War of words escalates between White House, Trump camp

Top aides to President Obama and President-elect Donald TrumpDonald TrumpSenators introduce bipartisan infrastructure bill in rare Sunday session Gosar's siblings pen op-ed urging for his resignation: 'You are immune to shame' Sunday shows - Delta variant, infrastructure dominate MORE on Thursday escalated their war of words over allegations of Russian interference in the 2016 election. 

White House press secretary Josh Earnest hit back at senior Trump adviser Kellyanne Conway after she accused him of making inappropriate comments in stating that Trump encouraged Russian hacking of his political opponents.  

“It is just a fact that the Republican nominee for president was encouraging Russia to hack his opponent because he believed it would help his campaign,” Earnest told reporters Thursday.  

“I’m not trying to be argumentative, it’s not a controversial statement,” he continued. “I am trying to acknowledge a basic fact. All of you saw it, it was not in dispute.”


During a Thursday morning appearance on “Fox and Friends,” Conway slammed Earnest for suggesting that Trump was aware before Election Day that Russia was behind a series of hacks on Democratic political groups.

"That is incredibly disappointing to hear from the podium of the White House press secretary because he ... essentially stated that the president-elect had knowledge of this, maybe even fanned the flames,” she said.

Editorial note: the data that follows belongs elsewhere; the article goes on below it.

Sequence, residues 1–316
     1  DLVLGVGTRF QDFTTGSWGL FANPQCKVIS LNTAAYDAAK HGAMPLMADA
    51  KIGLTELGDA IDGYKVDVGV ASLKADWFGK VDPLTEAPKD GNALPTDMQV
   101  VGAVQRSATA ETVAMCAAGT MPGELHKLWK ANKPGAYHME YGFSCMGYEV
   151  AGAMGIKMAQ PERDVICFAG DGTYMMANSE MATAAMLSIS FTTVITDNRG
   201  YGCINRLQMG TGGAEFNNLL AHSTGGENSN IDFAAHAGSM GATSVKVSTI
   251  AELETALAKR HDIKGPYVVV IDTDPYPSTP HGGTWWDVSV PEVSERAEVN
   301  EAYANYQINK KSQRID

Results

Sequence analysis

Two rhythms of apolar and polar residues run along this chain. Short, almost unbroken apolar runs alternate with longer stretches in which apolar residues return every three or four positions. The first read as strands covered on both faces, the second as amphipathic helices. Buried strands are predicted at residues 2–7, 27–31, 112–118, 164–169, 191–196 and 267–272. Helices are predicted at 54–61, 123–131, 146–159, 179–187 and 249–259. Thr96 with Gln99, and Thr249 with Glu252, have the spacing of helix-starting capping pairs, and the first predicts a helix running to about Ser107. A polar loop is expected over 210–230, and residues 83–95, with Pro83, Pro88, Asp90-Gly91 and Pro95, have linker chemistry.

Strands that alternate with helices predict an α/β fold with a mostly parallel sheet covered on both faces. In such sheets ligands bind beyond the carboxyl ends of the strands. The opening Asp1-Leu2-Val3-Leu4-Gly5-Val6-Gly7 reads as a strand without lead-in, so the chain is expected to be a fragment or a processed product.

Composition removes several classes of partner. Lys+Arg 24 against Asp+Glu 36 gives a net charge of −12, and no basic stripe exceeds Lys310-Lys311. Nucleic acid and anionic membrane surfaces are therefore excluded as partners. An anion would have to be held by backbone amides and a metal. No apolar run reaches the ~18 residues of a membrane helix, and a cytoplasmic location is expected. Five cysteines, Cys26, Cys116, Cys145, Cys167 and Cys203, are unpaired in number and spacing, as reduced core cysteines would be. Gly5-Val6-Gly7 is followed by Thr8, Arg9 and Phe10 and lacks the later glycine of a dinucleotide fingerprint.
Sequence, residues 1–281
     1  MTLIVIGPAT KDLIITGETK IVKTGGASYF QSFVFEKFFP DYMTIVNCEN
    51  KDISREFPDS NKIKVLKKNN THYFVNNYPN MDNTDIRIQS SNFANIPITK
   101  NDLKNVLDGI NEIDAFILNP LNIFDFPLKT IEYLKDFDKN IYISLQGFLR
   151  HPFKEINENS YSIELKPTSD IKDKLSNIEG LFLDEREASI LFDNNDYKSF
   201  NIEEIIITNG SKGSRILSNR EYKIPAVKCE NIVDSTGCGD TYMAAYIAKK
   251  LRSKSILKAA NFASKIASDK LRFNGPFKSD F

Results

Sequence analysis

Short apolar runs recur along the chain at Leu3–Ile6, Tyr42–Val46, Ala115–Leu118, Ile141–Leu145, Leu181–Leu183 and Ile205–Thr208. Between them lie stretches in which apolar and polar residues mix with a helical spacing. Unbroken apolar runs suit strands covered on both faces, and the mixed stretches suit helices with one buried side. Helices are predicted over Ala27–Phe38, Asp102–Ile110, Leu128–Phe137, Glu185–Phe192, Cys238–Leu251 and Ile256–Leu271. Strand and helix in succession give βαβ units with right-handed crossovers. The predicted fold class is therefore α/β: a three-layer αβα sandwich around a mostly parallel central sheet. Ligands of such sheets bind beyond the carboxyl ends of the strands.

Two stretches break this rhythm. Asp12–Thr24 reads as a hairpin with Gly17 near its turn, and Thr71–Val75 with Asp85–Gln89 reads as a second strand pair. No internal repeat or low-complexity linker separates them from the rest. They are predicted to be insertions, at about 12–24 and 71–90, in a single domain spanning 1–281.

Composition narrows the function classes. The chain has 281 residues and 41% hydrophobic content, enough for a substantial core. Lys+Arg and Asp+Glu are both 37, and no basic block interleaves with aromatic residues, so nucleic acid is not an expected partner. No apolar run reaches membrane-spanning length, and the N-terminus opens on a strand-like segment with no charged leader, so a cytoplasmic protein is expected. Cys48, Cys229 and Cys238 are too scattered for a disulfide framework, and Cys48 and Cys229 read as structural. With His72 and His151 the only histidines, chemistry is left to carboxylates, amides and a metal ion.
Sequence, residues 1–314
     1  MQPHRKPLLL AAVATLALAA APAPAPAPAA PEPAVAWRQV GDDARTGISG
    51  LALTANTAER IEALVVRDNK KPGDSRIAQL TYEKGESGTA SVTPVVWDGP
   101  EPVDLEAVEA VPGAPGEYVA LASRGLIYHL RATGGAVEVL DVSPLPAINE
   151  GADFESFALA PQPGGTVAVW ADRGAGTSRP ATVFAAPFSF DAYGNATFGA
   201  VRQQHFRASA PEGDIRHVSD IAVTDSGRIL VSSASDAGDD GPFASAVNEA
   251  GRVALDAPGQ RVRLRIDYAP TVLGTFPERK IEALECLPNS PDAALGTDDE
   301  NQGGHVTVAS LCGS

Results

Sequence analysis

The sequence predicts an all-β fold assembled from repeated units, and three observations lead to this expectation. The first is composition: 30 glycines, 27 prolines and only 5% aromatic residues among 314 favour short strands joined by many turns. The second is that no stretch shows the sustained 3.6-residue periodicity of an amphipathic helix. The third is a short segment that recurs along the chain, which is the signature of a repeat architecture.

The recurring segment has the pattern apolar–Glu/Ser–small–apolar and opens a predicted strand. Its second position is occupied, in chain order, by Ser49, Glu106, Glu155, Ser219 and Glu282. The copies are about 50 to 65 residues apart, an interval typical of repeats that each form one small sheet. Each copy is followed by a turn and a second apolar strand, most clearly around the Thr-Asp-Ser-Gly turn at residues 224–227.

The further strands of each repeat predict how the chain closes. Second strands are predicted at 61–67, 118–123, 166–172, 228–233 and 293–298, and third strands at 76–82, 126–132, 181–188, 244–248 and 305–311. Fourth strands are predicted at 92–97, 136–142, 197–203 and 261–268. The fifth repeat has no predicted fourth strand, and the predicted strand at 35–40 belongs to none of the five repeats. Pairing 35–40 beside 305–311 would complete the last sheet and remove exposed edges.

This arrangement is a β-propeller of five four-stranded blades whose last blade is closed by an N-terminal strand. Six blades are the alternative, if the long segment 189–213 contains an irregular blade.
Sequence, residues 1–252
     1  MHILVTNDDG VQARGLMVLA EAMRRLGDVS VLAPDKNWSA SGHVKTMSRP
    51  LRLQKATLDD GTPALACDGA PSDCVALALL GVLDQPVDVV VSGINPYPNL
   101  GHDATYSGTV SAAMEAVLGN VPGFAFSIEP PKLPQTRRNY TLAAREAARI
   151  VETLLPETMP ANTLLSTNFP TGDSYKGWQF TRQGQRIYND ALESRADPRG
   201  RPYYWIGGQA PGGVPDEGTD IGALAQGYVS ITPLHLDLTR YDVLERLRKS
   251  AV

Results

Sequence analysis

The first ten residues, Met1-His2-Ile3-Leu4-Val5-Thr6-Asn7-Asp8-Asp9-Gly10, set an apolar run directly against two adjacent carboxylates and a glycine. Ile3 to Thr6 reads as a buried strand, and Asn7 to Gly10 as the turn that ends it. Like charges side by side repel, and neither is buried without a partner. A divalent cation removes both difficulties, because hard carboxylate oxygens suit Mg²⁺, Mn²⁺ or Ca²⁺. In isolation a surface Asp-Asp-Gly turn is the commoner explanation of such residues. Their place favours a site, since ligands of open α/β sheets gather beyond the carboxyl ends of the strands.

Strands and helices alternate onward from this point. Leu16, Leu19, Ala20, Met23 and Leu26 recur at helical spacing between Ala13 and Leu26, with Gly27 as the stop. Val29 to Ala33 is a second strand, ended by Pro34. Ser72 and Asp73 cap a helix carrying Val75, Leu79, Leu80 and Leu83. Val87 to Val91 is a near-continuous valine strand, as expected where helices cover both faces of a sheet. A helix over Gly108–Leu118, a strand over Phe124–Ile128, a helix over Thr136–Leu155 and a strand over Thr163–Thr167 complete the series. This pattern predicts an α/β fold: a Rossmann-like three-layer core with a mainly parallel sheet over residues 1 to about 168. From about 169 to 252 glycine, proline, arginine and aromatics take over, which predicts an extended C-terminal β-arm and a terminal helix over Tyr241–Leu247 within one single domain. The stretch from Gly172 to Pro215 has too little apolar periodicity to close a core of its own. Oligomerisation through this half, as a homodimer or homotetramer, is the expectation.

During the campaign, Trump did encourage the Russians to reveal the contents of the private email server Democratic nominee Hillary ClintonHillary Diane Rodham ClintonClintons, Stacey Abrams meeting Texas Democrats Biden says Russia spreading misinformation ahead of 2022 elections Highest-ranking GOP assemblyman in WI against another audit of 2020 vote MORE used while secretary of State.

“I will tell you this, Russia: If you’re listening, I hope you’re able to find the 30,000 emails that are missing,” Trump said at his last news conference on July 27. “I think you will probably be rewarded mightily by our press.”

Conway and her Fox News interviewers have characterized that remark as a joke. 

“I don’t think anybody at the White House thinks it's funny that an adversary of the United States engaged in malicious cyber-activity to destabilize our democracy,” Earnest responded Thursday. “That is not a joke.”

The Russian hacks of U.S. political organizations has emerged as the biggest flashpoint between the Obama and Trump teams in the aftermath of the election. 

On most other issues, both sides have held their fire with the hopes of ensuring a smooth transition of power. But the hacking allegations have proven to be different.

Earnest dismissed charges from Trump’s allies that the White House is among those trying to undermine his election victory by starting a review of the hacking allegations. 

The White House spokesman called on Trump to tone down his rhetoric on the hacking allegations against Russia and cooperate with a congressional probe into the matter. 

“It might be time not to attack the intelligence community, but actually be supportive of a thorough, transparent, nonpolitical investigation into what happened,” Earnest said.